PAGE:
We finally cleared customs and we drove once again to the warehouse, where this time we were issued orange vests and hard hats. Jorge was great and set aside a place for us to assemble our bikes. Steve Ready, want you to know I hauled extra parts for naught, but what if I hadn't.
While the warehouse workers helped us lift bikes etc., I turned around once to see one going through my pannier. Shoooo! I don't think anyone lost anything. Our expediter even helped assemble bikes.
Well, now we are riding for the gate. As Jim said a day early, we're free at last, free at last. Now we fuel up and caravan through the hood. When your Peruvian cab driver says its dangerous you keep moving. That is for about three miles.
Bouncing down a semipaved, semi existing road I looked in my mirror to see Rick throw up his hands. Remembering the cabby's warning, I hesitated but then turned back. Rick was smoking. He pulled off his seat and grabbed the melted battery and gave it a toss.
Seems as though Rick bought a battery that was too high and then couldn't secure it. It hopped around on the semipaved road and shorted out on the bottom of his seat.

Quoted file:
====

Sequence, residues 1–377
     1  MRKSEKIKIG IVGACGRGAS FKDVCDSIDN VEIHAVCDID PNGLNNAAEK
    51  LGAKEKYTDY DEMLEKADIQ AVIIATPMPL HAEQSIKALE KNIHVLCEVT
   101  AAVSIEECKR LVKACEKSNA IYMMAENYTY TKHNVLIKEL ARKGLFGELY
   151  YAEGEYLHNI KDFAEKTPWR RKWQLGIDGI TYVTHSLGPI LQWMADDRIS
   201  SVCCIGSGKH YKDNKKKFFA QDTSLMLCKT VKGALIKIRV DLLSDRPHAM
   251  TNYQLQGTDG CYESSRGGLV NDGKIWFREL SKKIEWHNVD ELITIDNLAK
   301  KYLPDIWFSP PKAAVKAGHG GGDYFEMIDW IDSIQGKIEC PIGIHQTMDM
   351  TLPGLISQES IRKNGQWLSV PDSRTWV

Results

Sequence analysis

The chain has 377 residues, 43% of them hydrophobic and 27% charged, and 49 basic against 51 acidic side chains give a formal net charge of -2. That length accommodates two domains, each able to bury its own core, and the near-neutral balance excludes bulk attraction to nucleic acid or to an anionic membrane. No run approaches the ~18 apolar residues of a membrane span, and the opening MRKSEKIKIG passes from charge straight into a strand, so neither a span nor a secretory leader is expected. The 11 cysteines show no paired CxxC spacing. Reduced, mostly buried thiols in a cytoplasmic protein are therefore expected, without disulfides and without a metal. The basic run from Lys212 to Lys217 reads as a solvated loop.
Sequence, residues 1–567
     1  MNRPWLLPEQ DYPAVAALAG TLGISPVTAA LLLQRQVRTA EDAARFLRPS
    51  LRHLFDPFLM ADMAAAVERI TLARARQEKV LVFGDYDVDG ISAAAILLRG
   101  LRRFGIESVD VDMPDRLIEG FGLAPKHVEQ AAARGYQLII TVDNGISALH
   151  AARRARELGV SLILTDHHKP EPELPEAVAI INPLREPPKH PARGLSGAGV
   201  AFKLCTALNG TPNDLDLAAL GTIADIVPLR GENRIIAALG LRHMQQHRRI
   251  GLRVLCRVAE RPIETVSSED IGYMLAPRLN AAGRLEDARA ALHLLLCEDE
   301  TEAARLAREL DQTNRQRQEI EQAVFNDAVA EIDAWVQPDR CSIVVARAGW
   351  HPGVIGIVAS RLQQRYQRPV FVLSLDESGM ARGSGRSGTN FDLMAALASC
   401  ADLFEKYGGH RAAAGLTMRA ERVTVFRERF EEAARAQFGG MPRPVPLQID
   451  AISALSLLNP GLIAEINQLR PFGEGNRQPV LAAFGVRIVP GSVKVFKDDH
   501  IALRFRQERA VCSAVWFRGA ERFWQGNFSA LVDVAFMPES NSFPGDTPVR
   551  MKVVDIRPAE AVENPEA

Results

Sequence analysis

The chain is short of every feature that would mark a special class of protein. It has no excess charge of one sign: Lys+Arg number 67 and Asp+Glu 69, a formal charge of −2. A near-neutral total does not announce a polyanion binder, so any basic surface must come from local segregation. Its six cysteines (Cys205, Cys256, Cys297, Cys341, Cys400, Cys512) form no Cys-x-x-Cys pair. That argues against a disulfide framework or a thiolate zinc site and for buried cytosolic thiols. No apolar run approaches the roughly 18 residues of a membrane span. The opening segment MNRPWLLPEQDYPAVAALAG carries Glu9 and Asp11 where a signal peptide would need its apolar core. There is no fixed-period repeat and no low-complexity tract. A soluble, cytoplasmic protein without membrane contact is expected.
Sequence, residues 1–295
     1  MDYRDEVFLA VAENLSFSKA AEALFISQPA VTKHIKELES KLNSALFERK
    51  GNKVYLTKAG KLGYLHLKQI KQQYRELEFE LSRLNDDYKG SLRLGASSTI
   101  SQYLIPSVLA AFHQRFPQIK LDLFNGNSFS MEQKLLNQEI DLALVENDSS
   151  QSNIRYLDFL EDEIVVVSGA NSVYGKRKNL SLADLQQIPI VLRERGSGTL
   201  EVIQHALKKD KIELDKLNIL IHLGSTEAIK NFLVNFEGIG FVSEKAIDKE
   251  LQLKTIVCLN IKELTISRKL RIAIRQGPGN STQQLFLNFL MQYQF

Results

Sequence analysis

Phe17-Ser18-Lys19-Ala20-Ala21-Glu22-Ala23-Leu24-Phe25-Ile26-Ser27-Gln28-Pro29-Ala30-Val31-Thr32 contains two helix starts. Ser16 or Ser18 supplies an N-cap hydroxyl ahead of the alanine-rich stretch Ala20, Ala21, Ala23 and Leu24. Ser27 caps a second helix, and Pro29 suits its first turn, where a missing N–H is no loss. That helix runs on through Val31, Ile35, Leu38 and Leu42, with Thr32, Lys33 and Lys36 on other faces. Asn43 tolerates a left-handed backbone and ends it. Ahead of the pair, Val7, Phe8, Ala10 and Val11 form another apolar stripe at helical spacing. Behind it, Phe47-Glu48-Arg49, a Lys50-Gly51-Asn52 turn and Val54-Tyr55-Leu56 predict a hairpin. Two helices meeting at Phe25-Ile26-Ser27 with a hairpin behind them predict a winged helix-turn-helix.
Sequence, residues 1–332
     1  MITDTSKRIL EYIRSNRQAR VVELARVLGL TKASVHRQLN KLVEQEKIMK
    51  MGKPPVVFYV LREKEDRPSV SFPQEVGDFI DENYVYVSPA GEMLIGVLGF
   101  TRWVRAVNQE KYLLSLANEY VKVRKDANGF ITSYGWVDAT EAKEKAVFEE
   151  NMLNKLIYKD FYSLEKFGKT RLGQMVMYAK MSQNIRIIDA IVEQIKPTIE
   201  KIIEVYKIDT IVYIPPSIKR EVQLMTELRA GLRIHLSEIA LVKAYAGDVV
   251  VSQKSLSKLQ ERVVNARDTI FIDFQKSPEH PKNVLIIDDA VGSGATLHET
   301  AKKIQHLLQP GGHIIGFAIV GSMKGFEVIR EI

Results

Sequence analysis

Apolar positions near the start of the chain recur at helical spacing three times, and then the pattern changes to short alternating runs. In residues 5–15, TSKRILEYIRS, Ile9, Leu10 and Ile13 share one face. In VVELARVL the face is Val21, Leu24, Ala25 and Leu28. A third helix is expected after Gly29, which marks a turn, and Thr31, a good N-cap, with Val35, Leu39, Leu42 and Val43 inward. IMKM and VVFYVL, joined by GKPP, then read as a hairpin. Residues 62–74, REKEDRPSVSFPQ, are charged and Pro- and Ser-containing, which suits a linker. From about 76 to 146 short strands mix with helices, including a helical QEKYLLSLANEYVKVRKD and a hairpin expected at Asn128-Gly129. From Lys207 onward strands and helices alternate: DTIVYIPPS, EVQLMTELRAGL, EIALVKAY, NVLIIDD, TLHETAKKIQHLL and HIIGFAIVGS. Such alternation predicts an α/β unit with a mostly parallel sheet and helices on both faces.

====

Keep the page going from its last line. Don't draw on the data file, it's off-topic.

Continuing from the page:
The expediter stayed with Jim and me in the hood while the cabby and Rick went looking.
When they returned they were accompanied by a black Toyota pickup. The owners jump out and grabbed a 3/4 inch piece of fiberboard out the back to use as a ramp. Who's kidding who! The expediter went over to the hood and for 5 soles rented a 4x12 plank of rare tropical hardwood to load. The plank would sell for $700 in Seattle, if you got it through customs.
Next we rented a room at a Hostel. Our guide explained that in a densely populated city like Lima privacy is at a premium. I did notice a number of couples without luggage.
This morning Rick bought a new battery but could start bike. Thinking we could all spend a month in Lima, Jim and I abandoned Rick in the hood to fend for himself.
Jim and I headed up the coast and Rick continued to search for answers with the help of our now almost full time cabby.
Look at SPOT. We're sitting around the pool in Huacho. Just before we got here I got nabbed by the Peruvian Nacional Policia for riding without a headlight. Jim and I feigned total ignorance of Spanish. They asked license and documents and I asked for them back all the time with no apparent communication. Finally we all started laughing, we shook hands and Jim and I took off.